• With the quiet dexterity of a pickpocket, the Treasury is restructuring the American banking sector, and so far the public seems either uninterested or unaware. Because the feds put few conditions on what exactly banks should do with their share of the $700 billion bailout, they’re using it to buy up competitors at an alarming rate--with Treasury’s approval. Last week PNC Financial used federal funds to buy National City, and the CEO of Regions Financial, which accepted $3.5 billion, told the Financial Times that “[t]hese funds, while still strengthening our capital base, will enable us to expand lending and step up acquisitions.” Joe Nocera at the New York Times, in a column I cited yesterday, thinks this is a scandal--and, to the extent that it’s not what lawmakers or the public thought they were buying, it is. At the same time, banking experts seem to think that consolidation is precisely what the industry needs to shore up weaknesses. Which is a dodgy way of saying that we’ll get our loans again, but not until the bankers have fattened themselves at the trough. (Meanwhile, notes Dealscape, commercial paper rates remain exceedingly high, proof that banks aren’t getting any more generous with lending out their money.)
  • Um, also: What? According to the Washington Post, the Treasury is working to expand the bailout’s beneficiaries to include the auto industry. Brad Plumer gets into this in a separate article today, but I for one think this is an awful move. It’s yet another twist that taxpayers and Congress didn’t sign up for. Treasury, of course, is using weasel words to say it’s all kosher: “The law grants the secretary broad authority to purchase troubled assets that he deems important to improving financial stability,” said a spokeswoman. Even if that’s technically true, using the money to bailout another industry undermines investor and public confidence in the plan and the government, confidence it was designed to prop up. If the feds want to bailout carmakers, let them arrange a separate bill.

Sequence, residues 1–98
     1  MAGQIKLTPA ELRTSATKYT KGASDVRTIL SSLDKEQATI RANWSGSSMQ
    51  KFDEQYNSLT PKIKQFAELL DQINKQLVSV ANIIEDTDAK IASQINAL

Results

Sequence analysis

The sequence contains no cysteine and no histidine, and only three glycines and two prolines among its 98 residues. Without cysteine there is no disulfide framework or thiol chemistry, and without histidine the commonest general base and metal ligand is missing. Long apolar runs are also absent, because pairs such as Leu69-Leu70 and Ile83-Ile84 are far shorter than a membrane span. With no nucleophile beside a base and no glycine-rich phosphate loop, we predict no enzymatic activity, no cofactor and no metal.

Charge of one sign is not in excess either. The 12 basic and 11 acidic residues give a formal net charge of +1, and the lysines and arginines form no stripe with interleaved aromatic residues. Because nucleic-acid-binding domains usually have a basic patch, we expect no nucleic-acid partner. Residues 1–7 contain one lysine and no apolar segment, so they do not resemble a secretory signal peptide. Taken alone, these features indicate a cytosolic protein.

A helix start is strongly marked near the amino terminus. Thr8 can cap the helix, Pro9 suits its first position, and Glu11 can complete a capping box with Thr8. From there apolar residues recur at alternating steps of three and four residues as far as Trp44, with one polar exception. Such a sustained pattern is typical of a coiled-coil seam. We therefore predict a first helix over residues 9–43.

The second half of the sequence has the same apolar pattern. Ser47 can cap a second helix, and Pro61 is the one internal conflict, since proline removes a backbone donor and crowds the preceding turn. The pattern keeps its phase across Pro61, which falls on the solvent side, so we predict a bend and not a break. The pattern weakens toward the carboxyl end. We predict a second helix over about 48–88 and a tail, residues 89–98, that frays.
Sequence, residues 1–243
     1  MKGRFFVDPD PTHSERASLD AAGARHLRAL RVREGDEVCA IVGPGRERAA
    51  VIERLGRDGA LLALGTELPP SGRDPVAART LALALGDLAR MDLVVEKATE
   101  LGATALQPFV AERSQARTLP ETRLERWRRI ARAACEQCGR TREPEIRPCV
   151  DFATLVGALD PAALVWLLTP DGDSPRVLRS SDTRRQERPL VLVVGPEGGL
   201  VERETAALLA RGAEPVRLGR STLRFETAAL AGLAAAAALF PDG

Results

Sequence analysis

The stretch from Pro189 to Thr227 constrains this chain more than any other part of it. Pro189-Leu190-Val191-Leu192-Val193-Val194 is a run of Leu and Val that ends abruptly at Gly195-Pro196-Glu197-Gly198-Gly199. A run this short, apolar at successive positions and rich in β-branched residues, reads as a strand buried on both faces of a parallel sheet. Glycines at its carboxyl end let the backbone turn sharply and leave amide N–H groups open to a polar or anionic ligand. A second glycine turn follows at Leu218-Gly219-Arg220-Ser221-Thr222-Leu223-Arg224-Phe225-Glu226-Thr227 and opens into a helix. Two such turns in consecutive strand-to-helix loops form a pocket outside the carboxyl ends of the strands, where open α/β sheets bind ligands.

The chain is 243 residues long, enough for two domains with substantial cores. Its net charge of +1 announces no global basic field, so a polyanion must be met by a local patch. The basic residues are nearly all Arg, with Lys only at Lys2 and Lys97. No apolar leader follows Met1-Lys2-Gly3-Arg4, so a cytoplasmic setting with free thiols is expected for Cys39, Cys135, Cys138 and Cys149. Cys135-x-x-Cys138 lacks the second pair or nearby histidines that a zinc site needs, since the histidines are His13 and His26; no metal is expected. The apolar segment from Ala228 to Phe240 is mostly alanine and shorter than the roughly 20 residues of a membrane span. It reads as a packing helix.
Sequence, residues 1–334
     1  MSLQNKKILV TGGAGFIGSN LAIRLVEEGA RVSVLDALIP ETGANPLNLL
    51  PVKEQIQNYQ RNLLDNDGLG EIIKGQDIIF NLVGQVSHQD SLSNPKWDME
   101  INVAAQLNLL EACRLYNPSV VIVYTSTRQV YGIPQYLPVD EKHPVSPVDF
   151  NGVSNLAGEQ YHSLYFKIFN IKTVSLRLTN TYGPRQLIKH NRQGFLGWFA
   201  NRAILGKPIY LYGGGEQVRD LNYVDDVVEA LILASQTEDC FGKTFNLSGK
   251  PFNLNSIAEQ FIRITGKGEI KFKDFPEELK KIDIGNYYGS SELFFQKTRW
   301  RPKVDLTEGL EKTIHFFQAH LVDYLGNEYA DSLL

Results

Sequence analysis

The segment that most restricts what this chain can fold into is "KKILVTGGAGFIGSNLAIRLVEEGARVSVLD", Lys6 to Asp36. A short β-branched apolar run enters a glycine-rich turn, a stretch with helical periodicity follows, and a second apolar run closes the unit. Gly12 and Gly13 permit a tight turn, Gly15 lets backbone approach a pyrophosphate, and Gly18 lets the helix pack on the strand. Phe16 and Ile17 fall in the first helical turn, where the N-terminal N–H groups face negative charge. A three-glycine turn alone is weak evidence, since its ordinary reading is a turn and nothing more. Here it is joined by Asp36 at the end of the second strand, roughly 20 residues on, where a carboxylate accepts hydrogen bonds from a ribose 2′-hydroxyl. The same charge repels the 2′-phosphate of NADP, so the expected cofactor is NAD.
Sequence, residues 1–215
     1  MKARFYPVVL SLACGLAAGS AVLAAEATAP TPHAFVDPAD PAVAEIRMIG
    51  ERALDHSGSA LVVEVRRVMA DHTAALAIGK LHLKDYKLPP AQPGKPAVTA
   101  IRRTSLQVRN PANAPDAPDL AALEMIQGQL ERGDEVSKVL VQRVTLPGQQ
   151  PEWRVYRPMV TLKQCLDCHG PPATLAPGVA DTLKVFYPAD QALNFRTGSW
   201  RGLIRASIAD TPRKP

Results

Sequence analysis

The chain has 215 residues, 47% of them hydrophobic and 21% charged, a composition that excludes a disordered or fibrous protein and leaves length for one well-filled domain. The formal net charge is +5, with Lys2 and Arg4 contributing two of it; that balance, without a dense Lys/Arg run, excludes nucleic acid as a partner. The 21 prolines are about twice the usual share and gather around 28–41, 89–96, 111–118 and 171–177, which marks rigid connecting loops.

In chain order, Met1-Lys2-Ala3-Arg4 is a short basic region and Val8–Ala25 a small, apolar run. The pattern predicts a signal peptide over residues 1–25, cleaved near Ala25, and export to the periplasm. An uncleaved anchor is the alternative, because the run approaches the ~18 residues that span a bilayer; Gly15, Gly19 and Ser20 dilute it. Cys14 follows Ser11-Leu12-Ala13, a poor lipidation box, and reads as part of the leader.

• The Mexican legislature is moving toward approval of an oil-sector reform allowing the state-run monopoly, Pemex, to sign performance-based contracts with private companies. It’s been a long time coming, largely because any private role in the sector is (literally) violently opposed by left-wing lawmakers and the unions. It’s also desperately needed: Thanks to the current structure, Pemex has no incentive to find new fields, even though Mexico relies on oil for some 40 percent of its budget. As a result, proven reserves will run out in nine years, while experts believe that undiscovered reserves could add another 20 years to the country’s output. If John McCain and the Republicans were serious about expanding American access to “safe” oil, they’d be talking about helping Mexico get its oil sector moving.

--Clay Risen